by Dan Williams
“You got it kid, you really got it. I’ve never seen anyone who wants it so bad, so I’ll take the time out to teach you.” – Legendary drummer Gene Krupa to future Kiss drummer Peter Criss around 1966.
It’s 1938 and Gene Krupa is behind the drum kit keeping time for Benny Goodman’s live performance at Carnegie Hall, the first jazz concert played at the venerable theater. Of all the drummers available to play for Goodman, he preferred Krupa over any other, including Buddy Rich and Louie Bellson. He was innovative, dramatic and even athletic in his manic style. There were about nineteen other musicians in the band, including major names like Lionel Hampton, Cootie Williams and Lester Young. It was Gene Krupa’s job to drive each song with his drum-forward style. As the first drummer to use a bass drum in a recording session back in 1927, he had the sound and ability to take over. And did he ever!
The concert (and its 1950 double album release that’s still in print) contained over two hours of jazz songs of the day. In the context of time, this was prior to World War II, so most jazz songs were nice little two and three minute tunes and Broadway covers like “I Got Rhythm”, “One O’clock Jump” and “Body and Soul”. Twenty three songs in all.
The game changer, the performance that could now be viewed as the history lesson for every Rock & Roll drummer in the future was “Sing Sing Sing (with a Swing)”. It is the second to last song in the set and clocks in at a remarkable 12:08. In fact, upon release, they had to split it into parts so they could issue it on two 78 RPM sides because it wouldn’t fit on one (Part 1 on side A, Part 2 on side B). When 45 RPMs came out, it went on three sides!
This is Krupa’s break out and starts out with his jungle rhythm drum lead signaling the audience to sit up and take notice …Something great is about to happen. In typical jazz form, the band begins by playing Louis Prima’s famous melody before making way for solos. Between performers and song segments, all musicians are silenced for Krupa’s muscular drum solos. He becomes the director of this masterpiece. Benny Goodman plays his first familiar clarinet solo while Krupa respectfully subdues his kit. As the solo diminishes, Krupa explodes in high energy, huge bass and toms. He was one to use every part of a drum kit from rims to uprights to cowbells. If it could be hit, he played it, all the while with his biceps bulging and shiny hair flying.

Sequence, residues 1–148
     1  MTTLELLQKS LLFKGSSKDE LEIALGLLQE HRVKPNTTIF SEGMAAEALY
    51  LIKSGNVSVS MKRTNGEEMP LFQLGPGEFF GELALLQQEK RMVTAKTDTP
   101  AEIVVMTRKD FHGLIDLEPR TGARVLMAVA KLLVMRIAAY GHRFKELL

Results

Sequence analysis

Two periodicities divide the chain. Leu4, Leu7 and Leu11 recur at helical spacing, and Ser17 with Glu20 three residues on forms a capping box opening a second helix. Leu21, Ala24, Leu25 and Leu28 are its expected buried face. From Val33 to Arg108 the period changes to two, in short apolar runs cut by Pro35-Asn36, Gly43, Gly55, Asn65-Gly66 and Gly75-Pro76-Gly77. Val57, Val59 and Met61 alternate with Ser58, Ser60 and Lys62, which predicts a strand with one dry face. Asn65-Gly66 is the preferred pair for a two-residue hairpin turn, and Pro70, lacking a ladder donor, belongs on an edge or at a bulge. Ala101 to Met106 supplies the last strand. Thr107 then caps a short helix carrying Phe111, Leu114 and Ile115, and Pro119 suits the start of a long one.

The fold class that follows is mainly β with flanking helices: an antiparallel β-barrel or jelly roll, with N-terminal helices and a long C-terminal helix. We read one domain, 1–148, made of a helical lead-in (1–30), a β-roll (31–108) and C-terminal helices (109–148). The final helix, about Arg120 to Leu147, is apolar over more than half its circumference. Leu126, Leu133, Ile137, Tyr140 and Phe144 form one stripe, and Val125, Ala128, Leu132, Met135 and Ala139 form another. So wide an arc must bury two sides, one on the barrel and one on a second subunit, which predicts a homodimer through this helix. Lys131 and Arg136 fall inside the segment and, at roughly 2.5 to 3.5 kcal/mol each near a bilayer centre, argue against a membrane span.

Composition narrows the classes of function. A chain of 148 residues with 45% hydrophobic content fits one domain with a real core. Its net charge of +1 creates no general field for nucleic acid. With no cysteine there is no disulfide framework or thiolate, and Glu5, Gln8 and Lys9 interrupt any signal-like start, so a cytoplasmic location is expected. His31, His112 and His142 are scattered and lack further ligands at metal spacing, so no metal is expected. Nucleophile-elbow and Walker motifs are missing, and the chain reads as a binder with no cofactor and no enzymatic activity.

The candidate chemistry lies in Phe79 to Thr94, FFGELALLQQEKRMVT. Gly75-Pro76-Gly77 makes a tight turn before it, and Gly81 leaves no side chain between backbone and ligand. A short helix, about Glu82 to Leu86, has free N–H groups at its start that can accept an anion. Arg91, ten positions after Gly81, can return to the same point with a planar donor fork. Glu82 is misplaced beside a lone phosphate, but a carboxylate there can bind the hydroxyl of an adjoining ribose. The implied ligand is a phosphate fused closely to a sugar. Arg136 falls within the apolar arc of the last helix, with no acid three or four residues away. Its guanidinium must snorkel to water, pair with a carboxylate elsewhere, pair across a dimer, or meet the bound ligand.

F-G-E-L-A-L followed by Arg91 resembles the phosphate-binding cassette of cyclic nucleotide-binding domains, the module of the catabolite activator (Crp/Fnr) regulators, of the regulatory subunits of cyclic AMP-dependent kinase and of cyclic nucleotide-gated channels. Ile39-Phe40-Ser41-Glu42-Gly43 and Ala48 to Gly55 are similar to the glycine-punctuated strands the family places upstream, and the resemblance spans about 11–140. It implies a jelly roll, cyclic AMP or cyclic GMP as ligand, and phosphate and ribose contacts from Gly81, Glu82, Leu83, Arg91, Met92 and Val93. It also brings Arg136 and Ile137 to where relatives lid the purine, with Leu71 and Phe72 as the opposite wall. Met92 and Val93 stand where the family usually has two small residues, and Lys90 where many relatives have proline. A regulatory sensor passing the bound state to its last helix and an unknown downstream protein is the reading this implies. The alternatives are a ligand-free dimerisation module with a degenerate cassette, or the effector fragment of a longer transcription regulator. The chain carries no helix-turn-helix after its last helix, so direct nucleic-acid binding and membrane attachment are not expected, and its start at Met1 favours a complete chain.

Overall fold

Throughout the piece, his driving percussion is front and center as he encourages each soloist (trumpets, clarinet, and a remarkable impromptu piano solo by Jess Stacy). Stacy didn’t expect to play a solo, but Goodman pointed to him and he came up with his own masterpiece on the spot, guided lovingly by Gene Krupa. You can hear Krupa’s musical encouragement during the solo until he takes back the reins and finishes the tune with what can only be described as a tour de force and master’s class in Rock & Roll drumming before there was Rock & Roll.
It’s the late 1960’s and Gene Krupa was near 60 and semi-retired due to a bad back. He still played occasional gigs in New York and opened a music school at the Metropole near Times Square to teach his style to young students. Peter Criscuola (Criss), who viewed Gene Krupa as his musical hero signed up. “He was my idol. I got to talk to him and he really liked me. He gave me lessons for about six months,” Criss was quoted as saying to author Bruce Klauber for the book World of Gene Krupa.
Criss was in several bands around the New York area and started out as a jazz drummer, just like one of his predecessors, Charlie Watts of the Rolling Stones. He converted to rock and eventually met Gene Simmons and Paul Stanley to start Kiss. As they were determining their makeup characters, he chose “The Catman” because he felt he had nine lives. Although he has had a rocky history with the band, he has played on several reunions and is still sought after today.
Criss goes on to say “When I hear the word drums, I think Gene Krupa. He was a pioneer. He brought the drums up front. He was a great showman, but man could he play. He was the first to record a Bass Drum on record.” And after studying Krupa’s style, it can easily be picked up in Kiss records. Google for Kiss’ “100,000 Years” from the Kiss Farewell tour. At around the 2:50 mark, Criss goes into an extended solo. Gene Krupa’s influence is front and center in this hard rock performance, complete with cowbells and rims.
It’s an unlikely pairing, especially since there were 36 years between them. One was a Big Band pioneer and the other became a Rock & Roll legend still influencing young people today with skills only Krupa could teach. I asked Damian MonteCarlo, superb drummer for Philadelphia’s highly regarded MACH22 if he knows current musicians influenced by Criss. He said, “Oh man so many. Peter was the Ringo of the 70s. Made millions of kids wanna pick up the drums.” When I asked about his knowledge of the Krupa-Criss connection, he offered “Yeah Peter was a huge Krupa nut. You can tell from his solos.”
So when it comes to Rock & Roll drumming, we can connect the dots back to the legendary Gene Krupa. And his legacy doesn’t stop there. I was sharing some of my research with MonteCarlo about how Krupa collaborated with the famous cymbal manufacturer Zildjian and developed the modern hi-hat cymbals and popularized the names and uses of specialized pieces such as the ride, crash, splash, pang and swish cymbals. His response was, “Yeah, he changed everything!”
“Had Gene Krupa not existed, I doubt whether contemporary American Music would be played the way it is today.” – Peter Criss